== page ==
The human rights revolution you don’t know about but should.
For 12 years, the nation of Uzbekistan lived under a global boycott on the purchase of cotton harvested in their country. The weight of this boycott is only properly felt when we remember that cotton is the country’s second largest export and the crop for which it is the 6th largest producer globally.
What was the Uzbek Cotton Pledge?
Organized by the Cotton Campaign and the Responsible Sourcing Network in 2011, more than 330 global brands you’ll be sure to recognize, including Adidas, Gap, and H&M, signed the Uzbek Cotton Pledge.
This boycott successfully put pressure on the Uzbek government to reform labor practices to protect human rights. And yet, the boycott simultaneously closed their borders to an influx of capital that would have allowed for increased wages.
How could this be? The boycott stayed in place long after reforms had been made.
As we’ve noted prior, the most effective boycotts get stronger until they instigate change. Then, they loosen as they see positive results. For too long, even after the International Labor Organization found “the systematic and systemic use of child labor and forced labor in Uzbekistan’s cotton industry had come to an end” in 2020, the boycott punished a country that transformed its economy.
What’s the big deal?
What may seem like a small story about a far-off nation you would struggle to locate on a world map, should be front page news – here’s why. The end of forced labor in the former Soviet state represents one of the largest victories for human rights in recent memory.
The Uzbek annual fall cotton harvest, formerly known internationally as the world’s largest recruitment effort into forced labor, today, is free of all child and forced labor. Moreover, these efforts have been validated and recognized by the ILO, Human Rights Watch, and now, the Cotton Campaign.
Providing context for the scale of this success, Bennett Freeman, co-founder of the Cotton Campaign said, “This is one of the most significant victories anywhere in the world in the battle against forced labor in the twenty-first century.”
From operating under authoritarian leadership to pioneering a privatized, market-based economy – it’s hard to mention Uzbekistan without using the word “transformation.”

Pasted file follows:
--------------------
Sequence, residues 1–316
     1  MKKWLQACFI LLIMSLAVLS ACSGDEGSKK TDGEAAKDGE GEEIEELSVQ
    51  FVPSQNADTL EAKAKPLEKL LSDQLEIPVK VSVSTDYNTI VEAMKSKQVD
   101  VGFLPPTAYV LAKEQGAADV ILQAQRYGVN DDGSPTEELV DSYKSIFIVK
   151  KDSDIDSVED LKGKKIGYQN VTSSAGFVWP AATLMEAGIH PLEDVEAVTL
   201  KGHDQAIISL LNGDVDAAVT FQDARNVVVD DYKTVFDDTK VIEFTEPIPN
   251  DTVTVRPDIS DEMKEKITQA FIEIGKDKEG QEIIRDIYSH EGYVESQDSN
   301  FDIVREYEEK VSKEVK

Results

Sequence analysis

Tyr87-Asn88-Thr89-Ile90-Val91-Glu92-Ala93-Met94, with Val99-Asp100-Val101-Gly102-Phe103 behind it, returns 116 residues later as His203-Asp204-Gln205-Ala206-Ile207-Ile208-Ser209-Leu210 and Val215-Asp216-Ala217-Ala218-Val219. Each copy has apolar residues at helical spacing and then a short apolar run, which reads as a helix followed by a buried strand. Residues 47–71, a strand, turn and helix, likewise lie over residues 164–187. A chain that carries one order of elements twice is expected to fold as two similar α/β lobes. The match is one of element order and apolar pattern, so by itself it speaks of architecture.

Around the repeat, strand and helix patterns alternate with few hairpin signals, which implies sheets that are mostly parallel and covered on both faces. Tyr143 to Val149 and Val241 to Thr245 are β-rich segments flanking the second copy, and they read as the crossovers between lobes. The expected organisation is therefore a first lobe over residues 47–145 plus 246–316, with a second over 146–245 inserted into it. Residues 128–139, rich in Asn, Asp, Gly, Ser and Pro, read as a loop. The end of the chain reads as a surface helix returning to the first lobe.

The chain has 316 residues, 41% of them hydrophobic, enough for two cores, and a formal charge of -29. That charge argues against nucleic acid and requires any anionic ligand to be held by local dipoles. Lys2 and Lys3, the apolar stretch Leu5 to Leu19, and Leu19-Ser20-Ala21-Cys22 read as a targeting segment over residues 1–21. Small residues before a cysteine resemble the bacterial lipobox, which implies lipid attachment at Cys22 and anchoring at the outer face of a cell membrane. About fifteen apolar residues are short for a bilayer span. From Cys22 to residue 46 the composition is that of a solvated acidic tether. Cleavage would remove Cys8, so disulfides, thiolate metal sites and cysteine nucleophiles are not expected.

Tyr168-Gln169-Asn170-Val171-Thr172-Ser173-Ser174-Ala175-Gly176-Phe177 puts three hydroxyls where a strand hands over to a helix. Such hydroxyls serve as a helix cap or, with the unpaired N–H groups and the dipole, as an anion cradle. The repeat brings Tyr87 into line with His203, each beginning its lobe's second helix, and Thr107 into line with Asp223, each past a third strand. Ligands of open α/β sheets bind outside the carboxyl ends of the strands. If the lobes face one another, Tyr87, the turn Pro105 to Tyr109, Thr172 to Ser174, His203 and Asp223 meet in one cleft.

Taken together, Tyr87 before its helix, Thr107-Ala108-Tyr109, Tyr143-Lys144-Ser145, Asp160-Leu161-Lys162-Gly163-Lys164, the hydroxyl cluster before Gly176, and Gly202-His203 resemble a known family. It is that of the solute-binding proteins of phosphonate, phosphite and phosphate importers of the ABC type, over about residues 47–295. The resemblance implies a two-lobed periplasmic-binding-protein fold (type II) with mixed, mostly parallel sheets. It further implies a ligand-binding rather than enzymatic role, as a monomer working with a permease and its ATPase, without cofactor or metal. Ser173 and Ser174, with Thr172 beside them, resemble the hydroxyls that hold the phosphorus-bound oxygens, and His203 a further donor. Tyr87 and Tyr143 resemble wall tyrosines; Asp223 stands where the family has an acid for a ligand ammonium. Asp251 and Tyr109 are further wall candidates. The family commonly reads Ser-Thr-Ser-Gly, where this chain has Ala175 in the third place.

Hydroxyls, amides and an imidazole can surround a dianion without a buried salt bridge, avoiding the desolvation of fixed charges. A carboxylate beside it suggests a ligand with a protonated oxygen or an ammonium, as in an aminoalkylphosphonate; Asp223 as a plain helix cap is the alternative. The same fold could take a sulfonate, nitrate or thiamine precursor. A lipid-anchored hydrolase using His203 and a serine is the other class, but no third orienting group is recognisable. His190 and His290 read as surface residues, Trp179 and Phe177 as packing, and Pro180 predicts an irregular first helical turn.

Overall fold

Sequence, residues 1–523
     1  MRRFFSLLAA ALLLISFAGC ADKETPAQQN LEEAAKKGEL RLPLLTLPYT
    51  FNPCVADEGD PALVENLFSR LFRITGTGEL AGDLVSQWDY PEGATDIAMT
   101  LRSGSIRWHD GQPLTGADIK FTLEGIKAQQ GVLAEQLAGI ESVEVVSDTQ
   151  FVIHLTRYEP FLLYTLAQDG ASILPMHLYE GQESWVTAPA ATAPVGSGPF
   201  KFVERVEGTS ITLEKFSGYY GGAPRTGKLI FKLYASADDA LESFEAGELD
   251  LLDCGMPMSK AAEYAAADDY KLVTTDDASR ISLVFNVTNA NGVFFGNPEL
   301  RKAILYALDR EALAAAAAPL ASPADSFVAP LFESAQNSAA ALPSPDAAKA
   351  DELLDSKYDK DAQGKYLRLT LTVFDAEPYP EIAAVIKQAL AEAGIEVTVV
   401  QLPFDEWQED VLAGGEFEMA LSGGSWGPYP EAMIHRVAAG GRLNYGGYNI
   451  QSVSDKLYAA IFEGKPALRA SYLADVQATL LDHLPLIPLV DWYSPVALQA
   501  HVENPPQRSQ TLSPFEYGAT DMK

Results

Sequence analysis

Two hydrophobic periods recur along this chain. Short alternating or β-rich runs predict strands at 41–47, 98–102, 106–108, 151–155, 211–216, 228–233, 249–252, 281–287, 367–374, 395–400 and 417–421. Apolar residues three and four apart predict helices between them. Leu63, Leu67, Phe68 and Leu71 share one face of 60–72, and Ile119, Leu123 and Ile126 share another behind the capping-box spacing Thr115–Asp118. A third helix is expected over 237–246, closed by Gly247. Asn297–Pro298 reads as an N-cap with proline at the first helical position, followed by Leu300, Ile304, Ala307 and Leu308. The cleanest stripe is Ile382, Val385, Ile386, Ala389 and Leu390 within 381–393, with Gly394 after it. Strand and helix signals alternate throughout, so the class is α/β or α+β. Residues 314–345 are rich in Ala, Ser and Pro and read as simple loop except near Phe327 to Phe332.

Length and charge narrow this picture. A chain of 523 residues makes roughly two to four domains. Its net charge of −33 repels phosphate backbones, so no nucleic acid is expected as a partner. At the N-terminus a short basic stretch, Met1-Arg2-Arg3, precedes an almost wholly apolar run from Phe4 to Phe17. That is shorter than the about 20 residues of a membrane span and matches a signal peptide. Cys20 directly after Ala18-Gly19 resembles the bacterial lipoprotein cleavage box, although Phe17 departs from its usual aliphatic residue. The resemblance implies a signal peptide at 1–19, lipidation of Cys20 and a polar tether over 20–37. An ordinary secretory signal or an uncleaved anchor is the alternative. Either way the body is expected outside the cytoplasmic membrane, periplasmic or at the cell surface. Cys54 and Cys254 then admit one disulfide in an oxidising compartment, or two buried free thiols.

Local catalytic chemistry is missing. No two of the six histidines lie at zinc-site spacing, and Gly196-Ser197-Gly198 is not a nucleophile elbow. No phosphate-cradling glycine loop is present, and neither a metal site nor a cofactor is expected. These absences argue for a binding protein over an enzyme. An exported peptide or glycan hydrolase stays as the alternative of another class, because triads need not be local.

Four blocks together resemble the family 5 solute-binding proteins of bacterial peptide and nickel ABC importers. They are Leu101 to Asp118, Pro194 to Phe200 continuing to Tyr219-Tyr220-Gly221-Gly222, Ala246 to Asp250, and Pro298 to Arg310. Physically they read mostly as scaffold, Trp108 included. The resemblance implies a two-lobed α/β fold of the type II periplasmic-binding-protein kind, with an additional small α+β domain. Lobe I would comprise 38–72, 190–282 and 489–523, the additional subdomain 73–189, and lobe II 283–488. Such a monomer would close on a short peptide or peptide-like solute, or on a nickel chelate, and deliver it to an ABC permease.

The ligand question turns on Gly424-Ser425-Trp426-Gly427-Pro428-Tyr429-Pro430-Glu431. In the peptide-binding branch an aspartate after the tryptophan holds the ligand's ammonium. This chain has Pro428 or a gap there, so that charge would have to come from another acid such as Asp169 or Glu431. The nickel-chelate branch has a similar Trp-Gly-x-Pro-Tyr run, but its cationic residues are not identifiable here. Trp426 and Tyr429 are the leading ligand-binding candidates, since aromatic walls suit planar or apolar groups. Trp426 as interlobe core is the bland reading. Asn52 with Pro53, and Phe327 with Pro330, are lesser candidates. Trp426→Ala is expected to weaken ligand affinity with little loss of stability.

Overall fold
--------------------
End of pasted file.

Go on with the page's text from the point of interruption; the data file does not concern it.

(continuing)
The implications of Uzbekistan’s new economy are global in nature and will be felt in the far corners of the world.
This remarkable achievement is worth the acknowledgment and celebration of Western nations. With few allies in the region and at a time when global politics remain shaky, finding partners in Central Asia would be wise. With neighbors giving into the pressure of authoritarian regimes, Uzbekistan continues to align itself with the causes of the West, a risk for which it should receive proper credit.
However, limiting this conversation to foreign affairs ignores the personal impact felt by every Uzbek person now living in freedom. Only when taking a zoomed in approach are we able to appreciate the results of this hard fought change.
Dilshoda Shodmonova of Tashkent shared, “When I was a child, we unfortunately missed a lot of school classes because of the cotton harvest. Today, thanks to the reforms, my own daughter can go to school uninterrupted and get her education.”
Julia Hughes, president of the U.S. Fashion Industry Association says, “now is the time for brands and retailers to take a fresh look at sourcing in Uzbekistan.”
We believe with confidence that now is the time to invest in this great nation. With a rich history stretching back to the ancient Silk Road, Uzbekistan is ready for a new era of hosting international trade and cultural exchange.
What lies before Uzbekistan is the opportunity to continue supporting workers’ rights. With this perspective they will see their economy grow as partnerships form across the global stage. The fight to advance human rights will continue as Uzbekistan blazes the trail forward for freedom in Central Asia.